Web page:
Overdenture Dentures vs. Overdentures

Dentures vs. Overdentures


While dentures have traditionally been used to replace one or more rows of missing teeth, more recent dental technologies have expanded replacement options, which now include a breadth of dental prosthetics supported by dental implants. For many patients, overdentures, which combine the convenience of traditional dentures with the stability and comfort of dental implants, have become the preferred method of replacing an entire row of teeth. To determine which choice might be best for you, it’s helpful to understand the differences between these two popular dental restoration treatment options.


Traditional, removable dentures are rows of prosthetic teeth that are supported by a base of pink acrylic that resembles gum tissue. These dental appliances are held in place in the mouth with a combination of suction and dental adhesives. Overdentures resemble traditional dentures in appearance, but they are held in the mouth with dental implants that are surgically implanted in the jawbone. Overdentures can clip onto a fixture attached to dental implants, or they can screw directly onto the implants. This feature makes overdentures considerably more secure and stable than their removable counterparts.


Conventional dentures that replace the upper row of teeth cover the roof of the mouth, where a piece of acrylic suctions to the palate and helps hold them in place. A common complaint from removable denture wearers is that this appliance interferes with the ability to taste and enjoy a variety of foods, and the relative instability of removable dentures can also make it difficult to easily eat crunchy or chewy foods. Because overdentures are stabilized by dental implants, they don’t interfere with the palate or the ability to taste, and they remain stable when chewing even firm or fibrous foods. This stability also prevents overdentures from slipping out of place as removable dentures can, making it easier to speak clearly and confidently and to smile without worrying about your dentures falling out of place.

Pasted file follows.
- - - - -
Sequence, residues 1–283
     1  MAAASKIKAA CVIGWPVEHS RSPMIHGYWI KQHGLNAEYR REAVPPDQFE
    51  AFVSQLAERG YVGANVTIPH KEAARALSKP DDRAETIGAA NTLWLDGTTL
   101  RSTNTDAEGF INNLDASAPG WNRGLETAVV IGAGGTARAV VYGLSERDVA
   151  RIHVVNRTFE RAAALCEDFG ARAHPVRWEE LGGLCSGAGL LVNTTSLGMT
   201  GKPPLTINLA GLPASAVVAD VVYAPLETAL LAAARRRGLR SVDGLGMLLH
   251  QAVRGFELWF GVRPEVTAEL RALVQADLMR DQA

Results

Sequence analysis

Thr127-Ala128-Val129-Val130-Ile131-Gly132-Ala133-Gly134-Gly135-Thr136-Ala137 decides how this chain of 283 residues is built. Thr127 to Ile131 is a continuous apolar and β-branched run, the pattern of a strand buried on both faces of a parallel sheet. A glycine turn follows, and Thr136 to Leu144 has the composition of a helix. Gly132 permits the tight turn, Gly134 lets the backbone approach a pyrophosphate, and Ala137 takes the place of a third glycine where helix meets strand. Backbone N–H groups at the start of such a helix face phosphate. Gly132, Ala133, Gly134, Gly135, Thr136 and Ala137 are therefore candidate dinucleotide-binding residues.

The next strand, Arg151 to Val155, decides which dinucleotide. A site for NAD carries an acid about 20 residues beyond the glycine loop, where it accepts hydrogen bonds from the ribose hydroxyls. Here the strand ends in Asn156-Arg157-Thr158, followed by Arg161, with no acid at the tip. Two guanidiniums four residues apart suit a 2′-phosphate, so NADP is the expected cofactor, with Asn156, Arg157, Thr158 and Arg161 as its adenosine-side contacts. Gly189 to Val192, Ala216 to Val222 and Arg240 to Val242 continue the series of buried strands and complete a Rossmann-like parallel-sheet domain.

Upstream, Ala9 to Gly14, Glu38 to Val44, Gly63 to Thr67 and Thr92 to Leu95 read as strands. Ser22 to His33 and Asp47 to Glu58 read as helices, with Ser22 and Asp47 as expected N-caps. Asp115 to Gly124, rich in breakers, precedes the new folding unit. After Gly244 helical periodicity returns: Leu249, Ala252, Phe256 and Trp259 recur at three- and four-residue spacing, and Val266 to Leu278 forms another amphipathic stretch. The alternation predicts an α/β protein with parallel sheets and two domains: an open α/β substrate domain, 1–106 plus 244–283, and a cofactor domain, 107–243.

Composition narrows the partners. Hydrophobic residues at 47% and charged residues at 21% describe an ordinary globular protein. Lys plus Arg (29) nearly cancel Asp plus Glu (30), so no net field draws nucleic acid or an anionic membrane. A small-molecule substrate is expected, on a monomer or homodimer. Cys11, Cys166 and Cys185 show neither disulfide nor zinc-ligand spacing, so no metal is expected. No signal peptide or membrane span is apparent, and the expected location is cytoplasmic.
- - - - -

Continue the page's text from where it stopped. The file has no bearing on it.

In the absence of natural tooth roots, the bone in the jaw is no longer needed and is gradually reabsorbed into the body, which can cause a sunken appearance in the face and which also causes dentures to become ill-fitting over time and require regular adjustments. Dental implants, which are tiny titanium posts that are placed into the jaw where tooth roots once were, stimulate the vitality of the jawbone by transferring the forces of biting and chewing to the bone tissue, exercising this tissue and helping to keep it strong and healthy. This characteristic contributes to the long-term stability of overdentures while improving the oral health over time. While conventional dentures are generally more affordable than overdentures, continuous adjustments and replacements can quickly add up and should be factored into the overall expected cost of dentures.

Because overdentures help keep the jaw from deteriorating, they don’t require constant adjustment, and, for many patients, the initial added cost and time investment of dental implants is a small price to pay for the convenience, stability, and other long-term benefits implant-supported and implant-retained overdentures can provide. In fact, overdentures may even end up costing less than conventional dentures in the long run.


Difference Between Implant Retained Overdenture and Implant Supported Overdenture